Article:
Sunday, May 12, 2024

LAT tk (Gareth)  


NYT 20:25 (Nate) 


USA Today tk (Darby)  


Universal (Sunday) untimed (Jim) 


Universal tk (norah) 


WaPo 6:54 (Matthew) 


Avery Gee Katz’s New York Times crossword, “Pixar Box Set” — Nate’s write-up

05.12.2024 Sunday New York Times Crossword

05.12.2024 Sunday New York Times Crossword

25A: (CARS)ON DALY [Original host of MTV’s “Total Request Live”]
11D: OS(CAR S)TATUE [Prominent figure at the Academy Awards]

35A: CABO SAN (LUCA)S [Tourist destination in Baja California Sur]
27D: HU(LU CA)TALOG [Certain streaming library]

61A: E(UP)HORIA [Cloud nine, so to speak]
57D: D(UP)LEX [Two-family dwelling]

85A: (SOUL)FOOD [Fried chicken, cornbread, collard greens, etc.]
62D: MIS(SOUL)A [Home to the University of Montana]

96A: CRYPTO(WALL-E)T [Digital “container” associated with Bitcoin]
67D: STONE(WALL-E)D [Refused to answer questions]

98A: (BRAVE) NEW WORLD [Dystopian classic whose title comes from “The Tempest”]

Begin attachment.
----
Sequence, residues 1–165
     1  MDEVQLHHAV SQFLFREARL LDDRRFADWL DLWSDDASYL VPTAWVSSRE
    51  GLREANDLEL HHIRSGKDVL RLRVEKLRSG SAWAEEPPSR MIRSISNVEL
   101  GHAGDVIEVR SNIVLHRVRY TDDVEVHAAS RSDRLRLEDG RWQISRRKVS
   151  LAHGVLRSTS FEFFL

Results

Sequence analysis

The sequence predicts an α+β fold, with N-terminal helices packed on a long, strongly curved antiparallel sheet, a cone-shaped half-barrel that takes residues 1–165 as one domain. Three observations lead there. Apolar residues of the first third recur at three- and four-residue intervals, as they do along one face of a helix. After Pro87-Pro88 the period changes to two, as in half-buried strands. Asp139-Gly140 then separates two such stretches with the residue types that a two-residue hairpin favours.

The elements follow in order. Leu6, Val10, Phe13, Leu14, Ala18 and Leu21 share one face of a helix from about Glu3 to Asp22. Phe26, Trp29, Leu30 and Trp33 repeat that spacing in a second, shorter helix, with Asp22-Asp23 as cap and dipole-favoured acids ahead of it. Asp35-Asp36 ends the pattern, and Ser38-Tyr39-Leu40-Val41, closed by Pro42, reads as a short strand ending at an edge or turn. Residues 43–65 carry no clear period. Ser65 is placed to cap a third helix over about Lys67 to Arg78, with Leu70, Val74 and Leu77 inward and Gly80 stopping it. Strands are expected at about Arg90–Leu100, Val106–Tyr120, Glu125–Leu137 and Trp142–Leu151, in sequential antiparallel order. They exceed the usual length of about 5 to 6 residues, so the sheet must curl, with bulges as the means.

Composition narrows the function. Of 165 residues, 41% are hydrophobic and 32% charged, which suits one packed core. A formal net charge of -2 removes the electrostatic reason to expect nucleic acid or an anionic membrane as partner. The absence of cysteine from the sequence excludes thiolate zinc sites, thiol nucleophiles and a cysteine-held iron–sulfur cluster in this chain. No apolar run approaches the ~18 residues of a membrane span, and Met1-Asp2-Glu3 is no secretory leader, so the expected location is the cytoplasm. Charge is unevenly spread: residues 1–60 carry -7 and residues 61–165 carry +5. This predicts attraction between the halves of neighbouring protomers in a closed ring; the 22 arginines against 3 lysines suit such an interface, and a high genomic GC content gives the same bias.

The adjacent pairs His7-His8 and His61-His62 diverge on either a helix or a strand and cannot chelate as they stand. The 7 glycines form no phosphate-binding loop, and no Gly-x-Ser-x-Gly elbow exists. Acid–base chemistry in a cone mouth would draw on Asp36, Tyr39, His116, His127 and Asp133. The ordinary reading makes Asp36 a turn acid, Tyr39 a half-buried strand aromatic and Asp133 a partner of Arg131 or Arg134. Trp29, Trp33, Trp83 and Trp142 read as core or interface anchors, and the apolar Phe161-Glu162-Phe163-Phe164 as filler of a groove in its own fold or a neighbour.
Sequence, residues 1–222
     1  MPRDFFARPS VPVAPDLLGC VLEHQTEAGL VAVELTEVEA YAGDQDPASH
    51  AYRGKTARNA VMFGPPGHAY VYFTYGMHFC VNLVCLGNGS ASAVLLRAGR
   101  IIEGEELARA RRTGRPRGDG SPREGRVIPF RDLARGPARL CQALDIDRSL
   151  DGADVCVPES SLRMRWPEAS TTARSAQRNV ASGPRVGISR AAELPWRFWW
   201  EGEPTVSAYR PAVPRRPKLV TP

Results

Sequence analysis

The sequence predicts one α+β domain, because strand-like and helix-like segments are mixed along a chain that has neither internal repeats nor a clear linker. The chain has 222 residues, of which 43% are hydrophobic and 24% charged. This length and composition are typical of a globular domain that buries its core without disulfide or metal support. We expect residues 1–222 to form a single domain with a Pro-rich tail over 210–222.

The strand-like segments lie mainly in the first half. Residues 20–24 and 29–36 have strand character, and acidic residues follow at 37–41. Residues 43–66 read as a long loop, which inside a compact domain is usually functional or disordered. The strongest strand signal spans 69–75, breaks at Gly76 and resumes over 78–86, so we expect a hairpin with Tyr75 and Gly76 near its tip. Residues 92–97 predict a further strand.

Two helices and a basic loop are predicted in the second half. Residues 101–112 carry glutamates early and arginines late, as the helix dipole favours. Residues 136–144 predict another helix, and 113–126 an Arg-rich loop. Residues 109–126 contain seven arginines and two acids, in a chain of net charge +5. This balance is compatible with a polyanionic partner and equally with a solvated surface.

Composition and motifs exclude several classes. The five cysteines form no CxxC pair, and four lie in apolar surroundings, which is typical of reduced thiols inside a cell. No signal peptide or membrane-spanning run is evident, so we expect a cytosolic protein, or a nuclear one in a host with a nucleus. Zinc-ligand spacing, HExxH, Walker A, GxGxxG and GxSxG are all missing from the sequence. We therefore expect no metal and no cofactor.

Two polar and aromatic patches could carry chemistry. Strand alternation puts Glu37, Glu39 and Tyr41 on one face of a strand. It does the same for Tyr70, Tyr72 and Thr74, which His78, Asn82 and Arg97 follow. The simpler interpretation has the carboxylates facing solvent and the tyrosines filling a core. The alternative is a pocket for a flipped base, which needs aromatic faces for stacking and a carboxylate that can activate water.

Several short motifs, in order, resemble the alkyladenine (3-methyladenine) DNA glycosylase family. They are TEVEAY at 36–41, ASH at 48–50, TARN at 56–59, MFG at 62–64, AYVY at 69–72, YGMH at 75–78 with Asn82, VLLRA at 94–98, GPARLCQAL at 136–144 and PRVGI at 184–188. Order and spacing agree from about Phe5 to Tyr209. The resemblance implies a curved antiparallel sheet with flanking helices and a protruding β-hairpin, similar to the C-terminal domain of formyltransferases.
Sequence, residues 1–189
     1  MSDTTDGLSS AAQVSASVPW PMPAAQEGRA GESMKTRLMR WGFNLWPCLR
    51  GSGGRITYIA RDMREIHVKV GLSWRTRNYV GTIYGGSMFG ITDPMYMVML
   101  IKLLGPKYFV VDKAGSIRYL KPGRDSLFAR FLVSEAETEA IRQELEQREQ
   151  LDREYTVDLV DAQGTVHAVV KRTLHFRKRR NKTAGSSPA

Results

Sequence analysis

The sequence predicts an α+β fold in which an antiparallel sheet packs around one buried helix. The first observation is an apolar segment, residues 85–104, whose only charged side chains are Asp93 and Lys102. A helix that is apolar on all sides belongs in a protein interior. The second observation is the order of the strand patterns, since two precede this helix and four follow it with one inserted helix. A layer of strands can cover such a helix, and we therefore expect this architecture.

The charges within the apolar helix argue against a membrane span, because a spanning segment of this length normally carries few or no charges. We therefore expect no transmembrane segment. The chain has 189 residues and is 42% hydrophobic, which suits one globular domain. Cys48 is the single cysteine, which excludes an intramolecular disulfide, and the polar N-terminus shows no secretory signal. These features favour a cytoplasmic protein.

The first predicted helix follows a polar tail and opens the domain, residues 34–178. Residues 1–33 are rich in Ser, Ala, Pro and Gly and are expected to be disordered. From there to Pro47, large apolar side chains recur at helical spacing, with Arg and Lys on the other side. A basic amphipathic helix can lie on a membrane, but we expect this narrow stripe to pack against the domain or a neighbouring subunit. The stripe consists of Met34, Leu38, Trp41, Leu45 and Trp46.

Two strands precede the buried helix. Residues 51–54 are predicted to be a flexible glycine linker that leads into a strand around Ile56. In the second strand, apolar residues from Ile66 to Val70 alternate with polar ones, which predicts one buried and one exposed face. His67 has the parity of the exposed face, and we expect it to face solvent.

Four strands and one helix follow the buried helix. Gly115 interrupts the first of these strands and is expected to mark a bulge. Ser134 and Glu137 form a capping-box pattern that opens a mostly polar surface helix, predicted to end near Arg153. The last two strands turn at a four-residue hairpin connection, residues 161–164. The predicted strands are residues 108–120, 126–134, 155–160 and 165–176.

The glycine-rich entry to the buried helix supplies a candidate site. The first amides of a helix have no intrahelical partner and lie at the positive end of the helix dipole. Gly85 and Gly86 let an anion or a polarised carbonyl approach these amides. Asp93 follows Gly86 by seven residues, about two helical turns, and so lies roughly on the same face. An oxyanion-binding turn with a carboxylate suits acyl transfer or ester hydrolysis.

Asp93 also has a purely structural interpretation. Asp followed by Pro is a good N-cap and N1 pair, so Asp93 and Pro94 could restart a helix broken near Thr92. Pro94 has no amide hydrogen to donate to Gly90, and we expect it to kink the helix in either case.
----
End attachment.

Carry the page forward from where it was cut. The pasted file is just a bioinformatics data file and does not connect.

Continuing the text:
98D: (BRAVE)HEART [1995 Blockbuster with numerous historical inaccuracies]

117A: (COCO)NUT OIL [Palm tree product used in skin care]
100D: HOT (COCO)A [Drink often served with marshmallows]

This week’s Sunday puzzle sees seven Pixar movies in a box set … or rather, as rebuses contained in individual boxes of the grid. I appreciated the subject matter, sheer quantity of theme-related answers, and modern feel of many of the theme entries, but some of the rebuses felt tough if you don’t know the names of the Pixar movies themselves. BRAVE, for example, was a rebus that crossed at the title of two separate works, with clues that weren’t the easiest context for less aware solvers.

The periphery of the grid felt accessible, but much of the center of the grid felt relatively challenging and my overall solve time was much longer than average. Even though it’s all fair in retrospect, the LABEL MATE, JEN, JIM, MUMMIES section was tough for me to crack, as were a few other sections. Was this a slower solve for anyone else? Not necessarily less enjoyable, though certainly felt stickier. Let us know in the comments section how your solve went … and have a great weekend!